Everything My Partner Doesn't Get About Millennial Motherhood

My partner and I are pretty in sync. He knows, due to my severe anxiety, when I'm on the verge of a panic attack, how to stave off a potential pointless argument, and what to do when I've had a bad day (he's great at leg rubs, you guys). So, honestly, there's just a few things he can't see from my point of view. There are, however, things my partner can't understand about being a millennial mom. In all fairness, I can't blame his lack of empathy in this regard. After all, he's never had to be a millennial mom.

Being both a millennial (those born between the early '80s and early 2000s) and a mom means I have more choices — and stress — than women who chose to be mothers in subsequent generations. My two kids are 10 and 5 years old and they've always known that despite my semi-interest in traditional household roles, I'm also an ever-evolving human with many other interests and desires, aside from parenting.

I'm grateful to have a partner who's been understanding of whatever path I've chosen to go down, but there's still so much he's kind of clueless about. I don't know if that stems from having different backgrounds or dealing with different things, or if it's simply a lack of wanting to understand. Regardless, here are some of those things he just doesn't get about my role as a millennial mom, that I so wish he would.

How Much Pressure I'm Under

The biggest thing my partner can't, and won't, understand about being a millennial mom, is how much pressure I'm under to want to do all the things and to be successful at those things. I love being a mother, but I also love my career and want to excel in both areas simultaneously. I love being the primary caregiver, but also enjoy and appreciate competitive running. There's so many facets to me, just as there are to every other human being on the face of the planet.

Being a mom in this generation means having a higher standard to live up to. If I choose to stay home, society expects me to go above and beyond by making homemade baby food and using only fresh, organic everything (I wish I could). If I choose to work, I have to be CEO, topping the Forbes list of highest paid earners or making some 30 under 30 list, or else it somehow doesn't count. If only my partner understood how stressful it is to decide how to prioritize so we didn't feel like everything we're doing is a complete and total failure.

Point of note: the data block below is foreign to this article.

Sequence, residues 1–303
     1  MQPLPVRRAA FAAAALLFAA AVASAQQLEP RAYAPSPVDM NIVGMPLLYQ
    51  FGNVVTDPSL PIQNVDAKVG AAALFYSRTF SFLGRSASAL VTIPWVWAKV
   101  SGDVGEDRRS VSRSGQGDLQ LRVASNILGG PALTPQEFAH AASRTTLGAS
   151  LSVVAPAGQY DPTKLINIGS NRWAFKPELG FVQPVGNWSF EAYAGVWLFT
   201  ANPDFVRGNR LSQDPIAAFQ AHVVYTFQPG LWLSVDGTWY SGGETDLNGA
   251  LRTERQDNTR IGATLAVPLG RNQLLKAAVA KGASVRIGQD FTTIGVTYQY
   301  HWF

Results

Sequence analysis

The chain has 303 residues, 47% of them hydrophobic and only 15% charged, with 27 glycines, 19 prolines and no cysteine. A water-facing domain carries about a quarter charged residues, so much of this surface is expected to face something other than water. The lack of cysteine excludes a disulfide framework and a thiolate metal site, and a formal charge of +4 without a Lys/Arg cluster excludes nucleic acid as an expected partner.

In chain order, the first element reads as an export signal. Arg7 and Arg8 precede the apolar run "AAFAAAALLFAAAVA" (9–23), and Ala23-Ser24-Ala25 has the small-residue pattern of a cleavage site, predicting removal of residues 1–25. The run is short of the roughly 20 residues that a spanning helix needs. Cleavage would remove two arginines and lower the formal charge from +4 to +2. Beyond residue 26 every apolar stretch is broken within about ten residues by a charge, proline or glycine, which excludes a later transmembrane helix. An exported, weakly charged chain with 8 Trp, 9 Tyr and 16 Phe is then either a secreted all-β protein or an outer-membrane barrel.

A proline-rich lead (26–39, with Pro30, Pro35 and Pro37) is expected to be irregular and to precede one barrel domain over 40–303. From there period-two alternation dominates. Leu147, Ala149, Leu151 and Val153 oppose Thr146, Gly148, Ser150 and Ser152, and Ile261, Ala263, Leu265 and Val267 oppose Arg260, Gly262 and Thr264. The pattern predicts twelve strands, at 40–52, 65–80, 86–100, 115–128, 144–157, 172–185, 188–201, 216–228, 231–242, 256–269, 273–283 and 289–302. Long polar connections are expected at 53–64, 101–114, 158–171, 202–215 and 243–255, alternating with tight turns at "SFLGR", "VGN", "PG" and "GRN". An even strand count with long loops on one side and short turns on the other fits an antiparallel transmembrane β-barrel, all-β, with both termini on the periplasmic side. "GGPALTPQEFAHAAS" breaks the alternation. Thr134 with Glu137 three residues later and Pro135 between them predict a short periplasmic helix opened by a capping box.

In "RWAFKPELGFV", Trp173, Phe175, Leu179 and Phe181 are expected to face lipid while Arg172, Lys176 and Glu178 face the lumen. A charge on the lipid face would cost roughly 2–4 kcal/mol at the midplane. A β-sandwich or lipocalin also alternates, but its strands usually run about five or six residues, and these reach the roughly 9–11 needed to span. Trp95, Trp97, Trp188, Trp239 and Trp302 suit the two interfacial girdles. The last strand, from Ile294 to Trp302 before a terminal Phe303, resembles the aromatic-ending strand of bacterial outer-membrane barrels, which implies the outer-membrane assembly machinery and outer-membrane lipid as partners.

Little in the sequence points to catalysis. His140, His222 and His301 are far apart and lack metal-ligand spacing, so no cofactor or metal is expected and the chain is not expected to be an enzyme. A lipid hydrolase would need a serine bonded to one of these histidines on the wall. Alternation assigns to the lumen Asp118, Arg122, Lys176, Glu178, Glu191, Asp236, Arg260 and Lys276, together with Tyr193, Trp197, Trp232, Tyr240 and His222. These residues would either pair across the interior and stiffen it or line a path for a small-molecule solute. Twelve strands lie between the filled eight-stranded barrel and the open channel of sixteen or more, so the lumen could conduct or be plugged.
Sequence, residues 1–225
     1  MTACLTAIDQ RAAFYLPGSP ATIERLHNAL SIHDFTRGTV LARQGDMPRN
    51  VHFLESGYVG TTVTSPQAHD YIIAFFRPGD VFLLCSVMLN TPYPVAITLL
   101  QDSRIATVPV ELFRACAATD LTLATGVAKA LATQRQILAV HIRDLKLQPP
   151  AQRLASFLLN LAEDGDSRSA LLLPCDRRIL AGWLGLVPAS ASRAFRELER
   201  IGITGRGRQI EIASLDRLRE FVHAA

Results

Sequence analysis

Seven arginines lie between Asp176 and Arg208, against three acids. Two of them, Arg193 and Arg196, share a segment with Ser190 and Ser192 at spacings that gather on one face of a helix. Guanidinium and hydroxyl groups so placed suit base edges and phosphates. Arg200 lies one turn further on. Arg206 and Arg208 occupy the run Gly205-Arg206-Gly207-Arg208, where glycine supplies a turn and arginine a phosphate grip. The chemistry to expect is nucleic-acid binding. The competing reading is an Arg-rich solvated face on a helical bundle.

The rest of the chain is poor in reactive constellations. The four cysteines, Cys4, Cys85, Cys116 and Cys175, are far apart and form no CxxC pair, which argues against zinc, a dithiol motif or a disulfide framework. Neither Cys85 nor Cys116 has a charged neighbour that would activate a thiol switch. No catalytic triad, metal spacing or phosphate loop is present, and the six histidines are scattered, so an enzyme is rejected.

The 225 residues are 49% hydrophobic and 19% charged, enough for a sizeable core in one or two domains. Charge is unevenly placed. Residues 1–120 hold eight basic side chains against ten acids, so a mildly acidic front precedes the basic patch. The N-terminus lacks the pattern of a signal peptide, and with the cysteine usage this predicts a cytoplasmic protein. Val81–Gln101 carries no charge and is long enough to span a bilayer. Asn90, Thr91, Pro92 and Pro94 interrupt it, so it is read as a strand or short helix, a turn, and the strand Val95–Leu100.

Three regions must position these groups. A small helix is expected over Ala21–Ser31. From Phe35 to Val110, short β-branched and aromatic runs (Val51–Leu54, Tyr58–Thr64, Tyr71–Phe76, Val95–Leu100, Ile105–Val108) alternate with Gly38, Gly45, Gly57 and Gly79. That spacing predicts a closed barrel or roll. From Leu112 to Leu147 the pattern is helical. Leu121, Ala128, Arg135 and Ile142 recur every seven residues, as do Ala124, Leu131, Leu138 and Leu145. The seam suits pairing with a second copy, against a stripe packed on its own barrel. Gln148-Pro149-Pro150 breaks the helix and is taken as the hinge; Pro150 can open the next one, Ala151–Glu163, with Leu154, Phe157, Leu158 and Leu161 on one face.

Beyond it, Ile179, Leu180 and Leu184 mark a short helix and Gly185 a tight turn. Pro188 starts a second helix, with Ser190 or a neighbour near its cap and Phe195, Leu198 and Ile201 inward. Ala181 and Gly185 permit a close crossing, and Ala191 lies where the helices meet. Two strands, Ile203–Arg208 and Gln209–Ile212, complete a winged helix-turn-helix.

How Divided I Often Feel

Being that millennials like me typically do the mom and work thing, there's always some are of our lives that can feel neglected. As a result, we feel an immense amount of guilt. My partner doesn't spend hours contemplating or agonizing his roles as a father and provider, so why do I? There's an innate need to take care of everything (and be great while doing it) even if I know dividing my time is nearly impossible.

This very moment, I'm writing, clutching a Lego with my toe for my son, and answering a question about YouTube for my daughter — all at once. Multitasking is part of my makeup, but I feel my attention is stretched a little too far at times. This isn't a problem my partner has. He gives one thing his attention, then the next thing. Multitasking doesn't much exists for him, so why am I set to a different standard?

All The Ways I Want To Make A Difference

The world is a circus, so there's no better time to throw some good karma out there. My partner doesn't completely understand why I agonize over how to help people I don't know, or how much time I spend crying over animals I couldn't rescue. Being a millennial mom means contributing to something bigger than me in order to make the world a better place, somehow. For my kids. For future generations. For everyone.

While activism isn't new, it's certainly more prevalent these days. When I was younger I tried to start a no-kill animal shelter because I'd worked at a humane society and felt the animals deserved better. Another mom might feel a tug in her heart to volunteer at Planned Parenthood because of things she's experienced personally. We all have our stories that tie into the bigger picture, and if there's ever a time to do something as a millennial mom, it's now.

How Much More Educated I Need To Be

When I was younger, I wasn't taught about sexuality, gender roles, or really anything we're talking so much more openly about these days. To be honest, I feel a little set back because of all the work I'm having to do in order to teach my kids the correct lessons about sexuality, race, identity, privilege, feminism, and intersectionality (among other things).

While my partner is inclusive and nonjudgemental, he can't seem to grasp the importance of how we word things with our children or why I aim to do things a specific way (like going to a rally). More importantly, I wish he understood how important it is we teach them to be inclusive, themselves, because at the end of the day, that's one of the only things that matters.

The Lessons We Teach Our Kids

It's more important than ever that I teach my kids how to be good and do good. My partner understands it's necessary to teach empathy and compassion, but what he doesn't fully get is how far I'll go to do it. My childhood was built on outdated principles; essentially things I had to fight my way out of as I grew and stepped out into the real world. I don't want our kids to have the same struggles.

As a millennial mom, it's my responsibility to be thoughtful with the lessons I teach my kids, and the words I choose to express them with. Even if I fail, it's not in me not to try, and actually, I think that's the definition of a millennial mom, FYI.